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The Naming Project: Sally

What We Know About Sally

Sally’s name appears in just four surviving documents: the personal property tax record for James Madison Sr. from 1782; a deed of gift in which Madison Sr. transferred Sally to son-in-law Isaac Hite; Hite’s commonplace book; and Madison Sr.’s will. From these four documents, we can sketch the barest outlines of Sally’s life.

Sally was born December 10, 1763, according to an entry Isaac Hite made in his commonplace book.[1] Presumably Madison Sr. had recorded her birthdate in plantation records that no longer exist, and later shared that information with his son-in-law. The fact that Sally’s exact date of birth was known, suggests that she was likely born at Montpelier.

Sally was one of 84 enslaved people listed on James Madison Sr.’s personal property tax record in 1782, the first of five years in which the tax record listed the enslaved individually by name.[2] Sally was not on the list for 1783, because in that year Madison Sr. gave Sally to Isaac Hite, soon after Hite married Madison Sr.’s eldest daughter Nelly. Their wedding took place on January 2, 1783, not long after Sally turned 19. Madison Sr. made gifts of enslaved people to each of his sons and daughters as they married, providing each newlywed couple with the unpaid labor that would enable them to build wealth on their own plantations.

Madison Sr. gave a total of 2 men, 4 women, and 9 children to the Hites, as listed in the deed of gift:

“Know all men by these presents that I, James Madison of the County of Orange, in consideration of an intermarriage which hath taken place between Isaac Hite, Jr. of the County of Frederick and my daughter Nelly Madison, now Nelly Hite, have given and conveyed and do by these presents give and convey to the said Isaac Hite, Jr. by way of advancement to my said daughter Nelly, the following slaves, namely, Jemmy, Jerry, Eliza, and her five children, to wit Joanna, Diana, Demas, Pendar, and Webster; also Truelove and her four children to wit, Peggy, Priscilla, Henry, and Katey; also Sally and Milley. To have and to hold the said fifteen slaves together with … all their future increase …”[3]

In his will, written in 1787, Madison Sr. confirmed his transfer of these 15 people as his daughter Nelly Hite’s inheritance. He listed March 1, 1783, as the date after which the Hites would own any additional children born to the transferred group.[4] This suggests that it was in March 1783 that Sally and her enslaved companions moved from Montpelier to the Hites’ Shenandoah Valley home, Belle Grove.

James Madison Sr.’s will confirmed that he had previously given Sally and 14 additional enslaved people to his daughter Nelly Madison Hite. Although Madison Sr. typically transferred enslaved people to his sons and daughters at the time they married, he restated the transfers in his will, indicating that these gifts were advances on his children’s shares of his estate. Courtesy of James Madison Papers, Library of Congress.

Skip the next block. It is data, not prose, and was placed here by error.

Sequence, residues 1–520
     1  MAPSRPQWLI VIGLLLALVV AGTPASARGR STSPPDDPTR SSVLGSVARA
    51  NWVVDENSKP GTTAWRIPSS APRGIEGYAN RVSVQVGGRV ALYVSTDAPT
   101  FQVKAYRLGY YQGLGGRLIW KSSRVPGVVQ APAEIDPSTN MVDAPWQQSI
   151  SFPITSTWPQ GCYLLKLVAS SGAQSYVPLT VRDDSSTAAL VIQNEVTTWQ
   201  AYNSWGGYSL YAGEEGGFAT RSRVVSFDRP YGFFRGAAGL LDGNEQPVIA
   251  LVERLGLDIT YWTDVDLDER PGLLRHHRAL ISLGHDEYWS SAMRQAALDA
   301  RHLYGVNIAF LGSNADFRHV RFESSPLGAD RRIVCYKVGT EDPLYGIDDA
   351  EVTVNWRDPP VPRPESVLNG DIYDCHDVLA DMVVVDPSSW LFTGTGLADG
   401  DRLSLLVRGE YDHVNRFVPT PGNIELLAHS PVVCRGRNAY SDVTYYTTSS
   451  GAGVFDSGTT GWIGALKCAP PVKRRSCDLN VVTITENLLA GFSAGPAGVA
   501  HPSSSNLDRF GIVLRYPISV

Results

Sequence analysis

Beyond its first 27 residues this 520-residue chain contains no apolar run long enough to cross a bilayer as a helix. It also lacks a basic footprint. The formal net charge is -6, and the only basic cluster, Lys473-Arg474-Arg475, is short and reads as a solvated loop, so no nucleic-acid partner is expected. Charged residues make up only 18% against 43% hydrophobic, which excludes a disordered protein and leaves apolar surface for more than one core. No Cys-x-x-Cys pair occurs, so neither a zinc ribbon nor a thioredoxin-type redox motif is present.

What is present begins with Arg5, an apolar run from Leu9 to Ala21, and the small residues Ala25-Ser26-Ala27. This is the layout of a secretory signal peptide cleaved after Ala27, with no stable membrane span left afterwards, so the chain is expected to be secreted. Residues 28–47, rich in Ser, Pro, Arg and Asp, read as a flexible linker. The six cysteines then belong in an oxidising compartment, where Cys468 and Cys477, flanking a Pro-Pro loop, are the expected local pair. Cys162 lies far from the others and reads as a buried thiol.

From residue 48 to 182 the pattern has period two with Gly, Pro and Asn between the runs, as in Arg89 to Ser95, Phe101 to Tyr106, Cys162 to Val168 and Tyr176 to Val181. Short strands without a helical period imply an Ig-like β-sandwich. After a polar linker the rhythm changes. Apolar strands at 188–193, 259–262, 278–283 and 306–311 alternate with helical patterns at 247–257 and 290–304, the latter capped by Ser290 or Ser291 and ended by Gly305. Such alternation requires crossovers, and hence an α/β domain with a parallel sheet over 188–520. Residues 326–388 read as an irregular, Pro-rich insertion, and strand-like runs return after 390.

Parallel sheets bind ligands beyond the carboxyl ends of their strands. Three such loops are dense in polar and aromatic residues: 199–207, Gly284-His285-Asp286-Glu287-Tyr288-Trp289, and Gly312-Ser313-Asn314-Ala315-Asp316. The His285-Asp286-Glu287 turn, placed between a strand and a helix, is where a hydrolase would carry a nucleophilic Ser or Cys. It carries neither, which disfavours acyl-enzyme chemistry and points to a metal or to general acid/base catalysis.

The will and the deed of gift offer no clues about Sally’s family relationships. Did she leave one or both parents behind at Montpelier, or perhaps one parent on another Orange county plantation? Were Milley, Eliza, or Truelove her sisters, or Jemmy or Jerry her brothers? Unlike Eliza and Truelove, who were listed with their children, Sally appears to be on her own. If Sally had already had children, they would probably have been transferred with her. Does this mean that Sally was unmarried, or did the transfer separate her from her husband?

Sometime after Sally’s arrival at Belle Grove, Isaac Hite copied her name onto a page in his commonplace book[5], in a column titled “Names of My Negroes.” In the next column, “When Born,” he wrote “December 10, 1763.”  At some point – probably after 1787[6] – he filled out the final column, “How Disposed,” with a single word:


Why Isaac Hite sold Sally, or to whom, is unknown. The rest of her life story is missing from the historical record.


[1] Hite Family Commonplace Book, 1776-1859, Hite Family Papers, Vol. I, MS IH637535a-40, Virginia Historical Society, Richmond, Virginia, accessed December 8, 2020, MRD-S 44306, Montpelier Research Database.

[2] Personal Property Tax Records for James Madison, Sr., 1782-1786, Orange County, Virginia, Tax Records, Library of Virginia, Richmond, Virginia, accessed December 8, 2020, MRD-S 43968, Montpelier Research Database.

[3] James Madison Sr. to Isaac Hite Jr., Deed of gift for slaves, August 25, 1785, William H. English Collection (Hite-Bowman Papers), Indiana Historical Society, Indianapolis, Indiana, accessed December 8, 2020, MRD-S 42048, Montpelier Research Database. The deed, written several years after the fact, gives March 31, 1782, as the date after which the Hites would own the “future increase” of the enslaved group, but the date should probably be in March 1783, after the Hites’ marriage.

[4] James Madison Sr., Will dated September 17, 1787, James Madison Papers, Library of Congress, Washington, DC, accessed December 8, 2020, MRD-S 20954, Montpelier Research Database.

[5] Hite Family Commonplace Book, 1776-1859, Hite Family Papers, Vol. I, MS IH637535a-40, Virginia Historical Society, Richmond, Virginia, accessed December 8, 2020, MRD-S 44306, Montpelier Research Database.

[6] In 1787, when James Madison Sr. wrote his will and named all the enslaved people he had previously given to his sons and daughters, he noted that several people had died or been sold by the time of his writing. James Madison Jr. had sold Billey; Ambrose Madison had sold Savina. If Isaac Hite had sold Sally before 1787, Madison Sr. would likely have noted her sale as well.